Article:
On The Interview (!!!) And This Weekend's Wide And Special Releases.

The Interview.
Director: Evan Goldberg, Seth Rogen.
Writer: Dan Sterling (screenplay); Dan Sterling, Evan
Goldberg, Seth Rogen (story).
Cast: James Franco, Seth Rogen, Lizzy Caplan.
Playing At: Alamo Drafthouse, Texas Theatre.

If you don't have the Internet, if you don't watch the news, or if you aren't a human being — wait, how are you reading this? — then you're the only entity in this world that hasn't heard about all the madness surrounding The Interview, the don’t-take-us-seriously-it's-just-a-comedy film that lampoons North Korea and the proposed assassination of its current leader, Kim Jong-un. Just google the film's name if you want to play catch-up on all of the to-do. In the meantime, know this: For a time there, it seemed that this one was never going to be seen. But, now, with help of our president and smaller theater chains like the Alamo Drafthouse and the Texas Theatre, we all now have the opportunity to see the it. I don’t know if this movie will suck or it's laugh-out-loud funny, but I do know that seeing this movie will be a big Fuck You to the terrorists who've given a massive migraine to Sony and everyone else who cares about this important matter. By the time you read this, every showing for Christmas Day will be sold out, so it may be a few days before you can actually see it. My suggestion? Head to Drafthouse DFW’s site now and buy your tickets in advance. Or just head to YouTube.

A Girl Walks Home Alone at Night.
Director: Ana Lily Amirpour.
Writer: Ana Lily Amirpour.
Cast: Sheila Vand, Arash Marandi, Marshall Manesh.
Playing At: Texas Theatre.

The less you know about A Girl Walks Home Alone at Night, the bigger the bite this film will have. Yes, you could easily google the film’s title and discover the big reveal, but keep your curiosity at bay and go into this movie blind. All you need to know is who the film's director is, and that would be Ana Lily Amirpour. Keep her on your radar. You’ll understand why — and hopefully agree — after watching this movie.

American Sniper.
Director: Clint Eastwood.
Writer: Jason Hall (screenplay); Chris Kyle, James Defelice (book).
Cast: Bradley Cooper, Sienna Miller, Luke Grimes.
Playing At: AMC Northpark.

I wasn't fond of American Sniper. But I didn't hate it, either. I'm glad it's getting a lot of acclaim; the story behind the film really remarkable. Also, Bradley Cooper bulked up and really transformed into the character he's playing, Chris Kyle, the most heroic and legendary sniper in the Navy SEALs' history. My only issue with the film is its direction. My take is that legendary actor and acclaimed director Clint Eastwood seems to be losing his footing. But our very own Kip Mooney doesn't agree. He thinks Eastwood really brings it.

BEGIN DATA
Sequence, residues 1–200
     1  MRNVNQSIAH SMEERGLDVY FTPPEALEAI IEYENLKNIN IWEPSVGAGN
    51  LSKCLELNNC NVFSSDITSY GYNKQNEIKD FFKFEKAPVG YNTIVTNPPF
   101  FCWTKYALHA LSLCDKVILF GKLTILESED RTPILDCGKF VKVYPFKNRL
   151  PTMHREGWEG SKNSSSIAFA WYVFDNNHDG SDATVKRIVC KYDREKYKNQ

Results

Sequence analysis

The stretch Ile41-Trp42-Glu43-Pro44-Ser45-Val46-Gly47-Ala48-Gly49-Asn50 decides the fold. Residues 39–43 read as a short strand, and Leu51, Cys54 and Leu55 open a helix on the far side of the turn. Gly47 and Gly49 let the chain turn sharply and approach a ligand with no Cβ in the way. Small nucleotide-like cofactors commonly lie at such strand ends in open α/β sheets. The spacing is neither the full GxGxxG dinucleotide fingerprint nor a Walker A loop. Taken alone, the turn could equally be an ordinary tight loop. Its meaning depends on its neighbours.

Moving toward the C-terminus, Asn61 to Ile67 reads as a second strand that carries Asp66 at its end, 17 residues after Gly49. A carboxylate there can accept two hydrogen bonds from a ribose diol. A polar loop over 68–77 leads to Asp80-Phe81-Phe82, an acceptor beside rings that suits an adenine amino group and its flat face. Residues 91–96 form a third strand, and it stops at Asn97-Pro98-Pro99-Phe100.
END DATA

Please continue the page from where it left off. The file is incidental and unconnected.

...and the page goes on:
Big Eyes.
Director: Tim Burton.
Writer: Scott Alexander, Larry Karaszewski.
Cast: Amy Adams, Christoph Waltz, Krysten Ritter.
Playing At: Wide.

I haven't seen Big Eyes yet, but what I can tell you from the synopsis is that it looks like the first film Tim Burton has given a shit about since Big Fish. That was 11 years ago!

The Gambler.
Director: Rupert Wyatt.
Writer: William Monahan (screenplay); James Toback (based on the 1974 film by).
Cast: Mark Wahlberg, Jessica Lange, John Goodman, Brie Larson.
Playing At: Wide.

The Gambler is a complete mess. It has more structure problems than Sony Pictures' management. But Mark Wahlberg is staggeringly good. He really pumps up the volume for his character's unfocused bravado and defeated demeanor. I really hope he ventures out of his comfort zone again and plays more burnout roles like this one in the future. See why I think so in my full review.

The Imitation Game.
Director: Morten Tyldum.
Writer: Andrew Hodges (book); Graham Moore (screenplay).
Cast: Benedict Cumberbatch, Keira Knightley, Matthew Goode.
Playing At: The Magnolia, Angelika Film Center (Plano).

The Imitation Game will make you smile. It'll grab your attention, too. And, yes, it'll even make you cry. It's about Alan Turing, a pleasantly odd mathematician, genius and logician who helped crack the Enigma code — a device the Germans used to send messages during World War II. If you know of Turing's life after accomplishing one of the greatest feats in human history, then you know how this film ends. If you don't, bring some tissues.

Into the Woods.
Director: Rob Marshall.
Writers: James Lapine (screenplay); Stephen Sondheim, James Lapine (musical).
Cast: Emily Blunt, Anna Kendrick, Meryl Streep, Chris Pine.
Playing At: Wide.

Into the Woods is cute. It's a bit silly and, at times, it feels like a parody. But I was entertained from beginning to end — which, y'know, is the whole point a movie. Our very own Angela Jones agrees, too.

Unbroken.
Director: Angelina Jolie.
Writer: Joel Coen, Ethan Coen, Richard LaGravenese, William Nicholson (screenplay); Laura Hillenbrand (book)
Cast: Jack O'Connell, Takamasa Ishihara, Domhnall Gleeson.
Playing At: Wide.

I love Unbroken. Let me say it again to really bring it home: I love this movie. It didn't make my favorite films of 2014 list, no. But that doesn't mean it wasn't deserving. This movie won me over because its lead, Jack O’Connell, is just a joy to watch. And the cinematography by Roger Deakins — the superstar who shot Skyfall, The Shawshank Redemption and all of the Coen Brothers' films except Blood Simple, to name just a few — is just gorgeous. Angelina Jolie shows tons of promise as a director here. Let me explain.

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